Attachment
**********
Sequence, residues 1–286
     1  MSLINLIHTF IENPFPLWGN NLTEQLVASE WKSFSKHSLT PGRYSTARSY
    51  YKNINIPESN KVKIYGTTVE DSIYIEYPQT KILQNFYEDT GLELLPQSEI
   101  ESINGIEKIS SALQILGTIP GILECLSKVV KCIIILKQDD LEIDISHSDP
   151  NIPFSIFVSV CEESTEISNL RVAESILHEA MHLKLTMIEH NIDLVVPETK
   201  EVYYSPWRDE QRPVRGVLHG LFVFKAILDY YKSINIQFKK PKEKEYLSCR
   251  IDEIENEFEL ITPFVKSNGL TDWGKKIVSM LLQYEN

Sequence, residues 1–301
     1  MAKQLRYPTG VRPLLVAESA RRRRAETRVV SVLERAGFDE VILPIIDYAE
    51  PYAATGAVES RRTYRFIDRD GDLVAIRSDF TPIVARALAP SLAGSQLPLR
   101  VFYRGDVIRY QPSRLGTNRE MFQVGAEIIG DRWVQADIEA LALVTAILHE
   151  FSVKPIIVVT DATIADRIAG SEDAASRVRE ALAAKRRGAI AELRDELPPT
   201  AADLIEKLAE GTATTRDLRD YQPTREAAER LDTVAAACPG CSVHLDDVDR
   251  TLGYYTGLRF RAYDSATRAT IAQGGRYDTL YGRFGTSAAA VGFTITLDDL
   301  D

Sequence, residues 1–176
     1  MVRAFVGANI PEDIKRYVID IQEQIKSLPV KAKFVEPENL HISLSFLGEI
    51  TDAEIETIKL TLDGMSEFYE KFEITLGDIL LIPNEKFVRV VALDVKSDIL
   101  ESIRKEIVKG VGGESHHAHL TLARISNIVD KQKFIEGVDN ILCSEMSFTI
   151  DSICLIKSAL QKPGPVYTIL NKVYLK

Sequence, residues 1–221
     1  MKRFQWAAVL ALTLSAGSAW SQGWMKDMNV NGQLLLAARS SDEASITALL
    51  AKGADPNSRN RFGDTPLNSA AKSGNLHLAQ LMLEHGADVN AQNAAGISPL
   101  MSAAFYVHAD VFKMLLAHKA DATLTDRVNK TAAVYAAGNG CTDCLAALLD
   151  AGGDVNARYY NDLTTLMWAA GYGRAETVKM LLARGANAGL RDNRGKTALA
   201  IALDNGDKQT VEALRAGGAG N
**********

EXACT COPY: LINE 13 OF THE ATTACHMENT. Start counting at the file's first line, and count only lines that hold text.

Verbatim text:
   201  AADLIEKLAE GTATTRDLRD YQPTREAAER LDTVAAACPG CSVHLDDVDR